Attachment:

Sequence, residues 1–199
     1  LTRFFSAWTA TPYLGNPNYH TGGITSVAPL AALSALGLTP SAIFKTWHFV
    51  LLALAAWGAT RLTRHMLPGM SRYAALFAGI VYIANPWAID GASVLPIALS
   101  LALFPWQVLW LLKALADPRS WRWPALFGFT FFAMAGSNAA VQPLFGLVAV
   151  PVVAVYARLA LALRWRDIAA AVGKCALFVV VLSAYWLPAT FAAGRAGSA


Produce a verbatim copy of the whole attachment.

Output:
Sequence, residues 1–199
     1  LTRFFSAWTA TPYLGNPNYH TGGITSVAPL AALSALGLTP SAIFKTWHFV
    51  LLALAAWGAT RLTRHMLPGM SRYAALFAGI VYIANPWAID GASVLPIALS
   101  LALFPWQVLW LLKALADPRS WRWPALFGFT FFAMAGSNAA VQPLFGLVAV
   151  PVVAVYARLA LALRWRDIAA AVGKCALFVV VLSAYWLPAT FAAGRAGSA